Bertold Brecht

Much was written a few months ago about German writer GŁnter Grass's recent revelations that, at 17, he was recruited into a Nazi Panzer (tank) unit of the elite and murderous Waffen SS near the end of World War II. Grass revealed this upon publication of his new book Peeling Onions. He has been attacked by many, including right-wingers like Poland’s Lech Walesa and the National Review magazine, for being hypocritical.

Grass should have disclosed his SS Waffen past before, particularly since he’s been a consistent critic of Nazi Germany. For example, he denounced Reagan and German Chancellor Kohl for paying homage in 1985 to the SS soldiers buried in the Bitburg cemetery.

But contrary to Grass, a liberal social-democrat, another famous German writer was being remembered at this time, in Germany and many other areas. It is the 50th anniversary of the death of Eugen Bertold Brecht. He died on August 14, 1956 in then East Berlin. He revolutionized theater in the 20th century, because of which he had to flee Germany, where the Nazis burned his books. Brecht lived in many other cities, finally winding up in Hollywood, which he again fled after the war to escape the House Un-American Committee’s red-baiting witch-hunt. His works were also banned in Adenauer’s post-war, pro-U.S. West Germany.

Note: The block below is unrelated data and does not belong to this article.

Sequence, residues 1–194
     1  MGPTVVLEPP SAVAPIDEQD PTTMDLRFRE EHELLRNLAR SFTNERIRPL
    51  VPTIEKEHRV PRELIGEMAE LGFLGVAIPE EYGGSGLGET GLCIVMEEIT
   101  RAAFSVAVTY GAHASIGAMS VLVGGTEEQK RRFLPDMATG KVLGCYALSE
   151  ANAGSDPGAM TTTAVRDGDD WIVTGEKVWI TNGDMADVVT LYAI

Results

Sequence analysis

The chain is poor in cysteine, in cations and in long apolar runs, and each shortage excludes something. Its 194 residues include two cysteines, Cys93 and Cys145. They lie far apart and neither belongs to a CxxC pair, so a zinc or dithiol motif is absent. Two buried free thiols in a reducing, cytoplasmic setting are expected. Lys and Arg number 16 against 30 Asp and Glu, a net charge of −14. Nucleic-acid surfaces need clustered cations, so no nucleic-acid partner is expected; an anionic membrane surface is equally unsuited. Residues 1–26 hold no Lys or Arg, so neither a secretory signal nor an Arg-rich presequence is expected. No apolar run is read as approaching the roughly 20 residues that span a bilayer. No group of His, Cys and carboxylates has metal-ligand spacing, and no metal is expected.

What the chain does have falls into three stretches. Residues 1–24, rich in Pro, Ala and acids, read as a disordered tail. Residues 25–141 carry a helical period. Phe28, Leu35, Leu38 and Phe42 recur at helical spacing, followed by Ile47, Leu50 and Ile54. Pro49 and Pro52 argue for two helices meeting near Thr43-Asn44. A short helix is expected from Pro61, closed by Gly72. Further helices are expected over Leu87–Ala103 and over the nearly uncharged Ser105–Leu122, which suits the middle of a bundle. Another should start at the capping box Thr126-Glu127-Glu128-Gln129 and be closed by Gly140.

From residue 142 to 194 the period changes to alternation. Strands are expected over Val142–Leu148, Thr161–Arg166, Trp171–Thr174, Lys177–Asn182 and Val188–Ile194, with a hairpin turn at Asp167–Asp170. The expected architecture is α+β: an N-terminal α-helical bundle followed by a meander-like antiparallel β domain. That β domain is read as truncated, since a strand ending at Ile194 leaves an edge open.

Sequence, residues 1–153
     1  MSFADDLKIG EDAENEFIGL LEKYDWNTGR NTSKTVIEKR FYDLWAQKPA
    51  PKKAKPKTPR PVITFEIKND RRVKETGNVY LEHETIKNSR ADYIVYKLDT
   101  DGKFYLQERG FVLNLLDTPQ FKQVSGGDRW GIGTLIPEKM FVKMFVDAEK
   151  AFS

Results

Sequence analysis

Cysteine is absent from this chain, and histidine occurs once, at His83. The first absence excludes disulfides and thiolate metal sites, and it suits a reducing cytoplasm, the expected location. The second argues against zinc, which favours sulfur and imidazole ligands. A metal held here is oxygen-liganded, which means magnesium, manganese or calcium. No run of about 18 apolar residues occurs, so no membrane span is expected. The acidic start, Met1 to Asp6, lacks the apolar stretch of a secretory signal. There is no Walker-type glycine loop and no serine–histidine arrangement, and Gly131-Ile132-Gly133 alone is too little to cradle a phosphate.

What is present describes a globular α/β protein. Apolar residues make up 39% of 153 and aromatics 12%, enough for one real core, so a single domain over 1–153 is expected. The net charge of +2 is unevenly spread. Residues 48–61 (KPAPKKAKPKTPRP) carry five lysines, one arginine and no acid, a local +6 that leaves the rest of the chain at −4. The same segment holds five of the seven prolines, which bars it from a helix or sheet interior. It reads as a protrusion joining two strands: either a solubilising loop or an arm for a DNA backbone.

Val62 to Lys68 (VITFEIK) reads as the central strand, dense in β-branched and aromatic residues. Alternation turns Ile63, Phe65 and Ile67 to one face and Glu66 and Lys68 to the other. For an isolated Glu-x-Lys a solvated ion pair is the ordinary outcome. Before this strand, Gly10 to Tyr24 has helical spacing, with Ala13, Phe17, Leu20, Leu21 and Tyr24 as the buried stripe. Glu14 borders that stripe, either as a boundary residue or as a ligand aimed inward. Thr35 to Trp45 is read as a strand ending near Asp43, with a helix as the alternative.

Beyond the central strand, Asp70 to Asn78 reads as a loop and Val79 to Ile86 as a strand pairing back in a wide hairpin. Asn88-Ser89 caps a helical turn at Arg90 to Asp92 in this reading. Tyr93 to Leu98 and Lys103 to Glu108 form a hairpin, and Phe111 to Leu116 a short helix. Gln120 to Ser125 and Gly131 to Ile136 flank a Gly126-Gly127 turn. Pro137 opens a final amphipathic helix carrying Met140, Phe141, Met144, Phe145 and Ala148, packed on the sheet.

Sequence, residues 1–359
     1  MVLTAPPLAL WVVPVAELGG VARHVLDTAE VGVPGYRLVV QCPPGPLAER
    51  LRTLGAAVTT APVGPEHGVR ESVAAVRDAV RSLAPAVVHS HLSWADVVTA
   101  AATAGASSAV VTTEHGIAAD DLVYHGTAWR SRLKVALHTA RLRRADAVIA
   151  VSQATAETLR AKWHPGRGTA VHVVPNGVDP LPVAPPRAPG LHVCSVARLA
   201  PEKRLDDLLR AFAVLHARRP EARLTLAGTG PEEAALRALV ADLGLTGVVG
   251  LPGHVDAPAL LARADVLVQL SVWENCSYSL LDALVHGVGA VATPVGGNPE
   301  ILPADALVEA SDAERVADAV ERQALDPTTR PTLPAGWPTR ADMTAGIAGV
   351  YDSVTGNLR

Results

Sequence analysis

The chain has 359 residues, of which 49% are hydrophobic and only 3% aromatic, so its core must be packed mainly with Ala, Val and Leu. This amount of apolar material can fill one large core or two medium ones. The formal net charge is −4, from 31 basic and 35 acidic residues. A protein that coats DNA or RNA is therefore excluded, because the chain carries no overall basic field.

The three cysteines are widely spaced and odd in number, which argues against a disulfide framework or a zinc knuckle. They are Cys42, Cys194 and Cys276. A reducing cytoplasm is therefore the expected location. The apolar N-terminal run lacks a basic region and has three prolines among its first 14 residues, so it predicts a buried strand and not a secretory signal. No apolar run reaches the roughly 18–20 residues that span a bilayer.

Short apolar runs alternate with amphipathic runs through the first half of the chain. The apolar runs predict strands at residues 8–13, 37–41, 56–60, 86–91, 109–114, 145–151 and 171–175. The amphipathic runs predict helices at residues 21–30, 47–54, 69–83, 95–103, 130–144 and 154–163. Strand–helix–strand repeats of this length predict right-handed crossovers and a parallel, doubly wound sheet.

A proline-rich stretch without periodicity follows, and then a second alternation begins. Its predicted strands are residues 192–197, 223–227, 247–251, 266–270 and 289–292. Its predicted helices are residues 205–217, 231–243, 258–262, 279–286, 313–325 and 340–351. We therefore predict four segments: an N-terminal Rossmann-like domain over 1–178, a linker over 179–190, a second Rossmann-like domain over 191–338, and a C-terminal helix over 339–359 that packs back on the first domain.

Brecht was a prolific writer, poet and playwright. He saw theater as a reflection of social life, but presented it in a beautiful and dialectical way, inspiring the viewer and reader to want to change society for the better. The special nature of his theater was in his a view of the world he fused poetry and dramatic style in perfect unity.

He was also a director, and made sure the music of his works were blended accordingly. And he did all that while working with a collective in his Berliner Ensemble. He did not appeal to the feeling of the audience but to its reason, since the public not only had to live the scene but analyze it. He emphasized audience discussion after each play.

His work can be summarized as: (1) Society should change; (2) human nature can be modified and depends on a historically-determined social class; (3) conflicts are presented as social struggles; (4) his characters are full of contradictions, and change qualitatively and quantitatively; (5) turning dialectical observation into a pleasure, overcoming the ways of the old classic theater; and (6) uniting poetry and realism.

As Brecht said: "My rules are only applicable by persons with free judgment, with a spirit of contradiction and social fantasy and in contact with the progressive sections of the public, which means that they themselves have to be progressive and thinkers.…If the actor/actress doesn’t want to be a parrot…he/she has to take in the knowledge of the time about human coexistence fighting in the class struggle."

Brecht was convinced that Marxism was the science of today and said that without studying, any realism was myopic.